Claims:

What is claimed is:

1. A specialized processing block for a programmable logic device, said specialized processing block comprising: a plurality of multipliers; and circuitry for adding and/or subtracting and/or accumulating outputs of said multipliers; wherein: at least one of said multipliers has a respective sign control input associated with at least one respective multiplicand input thereof, to which a signal is applied that controls whether said respective multiplicand input is treated as signed or unsigned; said specialized processing block further comprising: a selector at each said sign control input that controllably selects between a first signal that forces said multiplicand input to be unsigned and a second signal that indicates whether said multiplicand input is signed or unsigned, in response to a control signal separate from said first signal and from said second signal.

2. The specialized processing block of claim 1 wherein: said at least one of said multipliers has a respective one said sign control input associated with each respective multiplicand input thereof; and each said respective multiplicand input has one said selector associated therewith.

3. The specialized processing block of claim 2 wherein said at least one of said multipliers comprises all of said multipliers.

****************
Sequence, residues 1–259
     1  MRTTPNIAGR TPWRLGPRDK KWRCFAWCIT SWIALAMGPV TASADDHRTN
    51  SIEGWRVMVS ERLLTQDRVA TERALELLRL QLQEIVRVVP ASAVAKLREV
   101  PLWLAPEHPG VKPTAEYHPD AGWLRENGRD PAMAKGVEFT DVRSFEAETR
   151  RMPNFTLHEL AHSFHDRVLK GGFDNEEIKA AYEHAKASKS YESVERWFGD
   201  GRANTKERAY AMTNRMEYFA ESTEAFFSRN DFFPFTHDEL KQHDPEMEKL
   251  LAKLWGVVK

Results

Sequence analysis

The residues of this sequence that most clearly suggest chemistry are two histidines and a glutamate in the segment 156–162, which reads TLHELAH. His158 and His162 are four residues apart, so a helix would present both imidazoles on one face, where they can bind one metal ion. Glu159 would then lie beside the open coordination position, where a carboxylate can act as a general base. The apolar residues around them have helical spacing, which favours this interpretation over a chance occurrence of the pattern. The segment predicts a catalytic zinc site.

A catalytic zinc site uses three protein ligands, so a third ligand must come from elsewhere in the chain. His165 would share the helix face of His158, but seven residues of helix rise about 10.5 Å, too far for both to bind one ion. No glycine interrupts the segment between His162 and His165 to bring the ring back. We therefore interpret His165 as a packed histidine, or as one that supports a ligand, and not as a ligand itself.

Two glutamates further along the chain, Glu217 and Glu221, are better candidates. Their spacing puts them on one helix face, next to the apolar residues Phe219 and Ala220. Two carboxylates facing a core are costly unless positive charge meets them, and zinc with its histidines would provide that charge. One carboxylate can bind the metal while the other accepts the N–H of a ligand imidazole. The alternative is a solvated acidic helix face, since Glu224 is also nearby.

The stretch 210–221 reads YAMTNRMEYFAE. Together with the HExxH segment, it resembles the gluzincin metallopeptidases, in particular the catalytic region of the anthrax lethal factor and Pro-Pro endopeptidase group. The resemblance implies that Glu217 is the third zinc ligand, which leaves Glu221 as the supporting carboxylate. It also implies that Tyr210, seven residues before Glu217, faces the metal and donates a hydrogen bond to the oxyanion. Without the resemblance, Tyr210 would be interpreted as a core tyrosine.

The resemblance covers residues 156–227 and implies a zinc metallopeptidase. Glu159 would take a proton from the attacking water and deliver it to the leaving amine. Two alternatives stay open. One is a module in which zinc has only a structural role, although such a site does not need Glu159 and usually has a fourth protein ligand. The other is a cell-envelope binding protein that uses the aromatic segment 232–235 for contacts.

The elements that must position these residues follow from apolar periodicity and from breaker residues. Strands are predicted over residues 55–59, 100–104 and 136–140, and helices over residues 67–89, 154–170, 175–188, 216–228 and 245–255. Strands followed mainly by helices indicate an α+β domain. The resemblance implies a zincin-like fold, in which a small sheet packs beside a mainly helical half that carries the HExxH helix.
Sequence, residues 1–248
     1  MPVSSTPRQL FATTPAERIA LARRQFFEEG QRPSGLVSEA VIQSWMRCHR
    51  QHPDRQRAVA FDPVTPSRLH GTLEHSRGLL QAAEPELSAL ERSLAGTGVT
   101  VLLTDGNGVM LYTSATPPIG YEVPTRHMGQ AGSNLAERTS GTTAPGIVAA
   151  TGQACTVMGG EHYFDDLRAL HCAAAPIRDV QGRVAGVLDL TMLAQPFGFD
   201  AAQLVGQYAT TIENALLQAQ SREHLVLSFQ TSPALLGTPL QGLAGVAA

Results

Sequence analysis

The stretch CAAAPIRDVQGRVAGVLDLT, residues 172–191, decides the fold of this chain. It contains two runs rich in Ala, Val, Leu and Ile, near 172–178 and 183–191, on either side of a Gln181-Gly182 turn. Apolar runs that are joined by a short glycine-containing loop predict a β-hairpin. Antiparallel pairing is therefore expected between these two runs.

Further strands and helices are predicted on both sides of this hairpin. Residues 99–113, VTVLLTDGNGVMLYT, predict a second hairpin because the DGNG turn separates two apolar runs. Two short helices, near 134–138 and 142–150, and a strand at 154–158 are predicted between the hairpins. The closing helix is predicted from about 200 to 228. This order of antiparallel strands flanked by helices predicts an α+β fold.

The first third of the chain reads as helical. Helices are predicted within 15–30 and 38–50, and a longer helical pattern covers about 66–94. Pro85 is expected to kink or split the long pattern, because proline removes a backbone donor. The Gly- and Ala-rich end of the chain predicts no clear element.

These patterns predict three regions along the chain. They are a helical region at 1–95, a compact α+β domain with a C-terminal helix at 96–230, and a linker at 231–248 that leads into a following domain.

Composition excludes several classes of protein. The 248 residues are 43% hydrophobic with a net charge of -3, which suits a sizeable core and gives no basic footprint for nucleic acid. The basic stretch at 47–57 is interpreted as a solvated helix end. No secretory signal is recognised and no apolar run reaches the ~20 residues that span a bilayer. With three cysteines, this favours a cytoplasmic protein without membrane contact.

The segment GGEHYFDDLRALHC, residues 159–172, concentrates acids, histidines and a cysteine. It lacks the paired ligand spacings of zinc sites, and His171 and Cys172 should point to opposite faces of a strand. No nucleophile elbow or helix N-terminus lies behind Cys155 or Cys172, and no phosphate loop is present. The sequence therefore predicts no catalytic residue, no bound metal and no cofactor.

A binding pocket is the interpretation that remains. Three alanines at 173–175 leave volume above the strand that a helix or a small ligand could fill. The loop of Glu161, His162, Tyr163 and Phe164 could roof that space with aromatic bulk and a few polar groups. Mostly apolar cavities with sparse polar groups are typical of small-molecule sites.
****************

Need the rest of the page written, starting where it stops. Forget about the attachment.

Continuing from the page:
4. The specialized processing block of claim 1 wherein said at least one of said multipliers comprises all of said multipliers.

5. The specialized processing block of claim 1 wherein said selector comprises a multiplexer.

1. A specialized processing block for a programmable logic device, said specialized processing block comprising: a plurality of multipliers; and circuitry for adding and/or subtracting and/or accumulating outputs of said multipliers; wherein: at least one of said multipliers has a respective sign control input associated with at least one respective multiplicand input thereof, to which a signal is applied that controls whether said respective multiplicand input is treated as signed or unsigned; said specialized processing block further comprising: a selector at each said sign control input that controllably selects between a first signal that forces said multiplicand input to be unsigned and a second signal that indicates whether said multiplicand input is signed or unsigned, in response to a control signal separate from said first signal and from said second signal.

2. The specialized processing block of claim 1 wherein: said at least one of said multipliers has a respective one said sign control input associated with each respective multiplicand input thereof; and each said respective multiplicand input has one said selector associated therewith.

3. The specialized processing block of claim 2 wherein said at least one of said multipliers comprises all of said multipliers.

4. The specialized processing block of claim 1 wherein said at least one of said multipliers comprises all of said multipliers.

5. The specialized processing block of claim 1 wherein said selector comprises a multiplexer.

Description: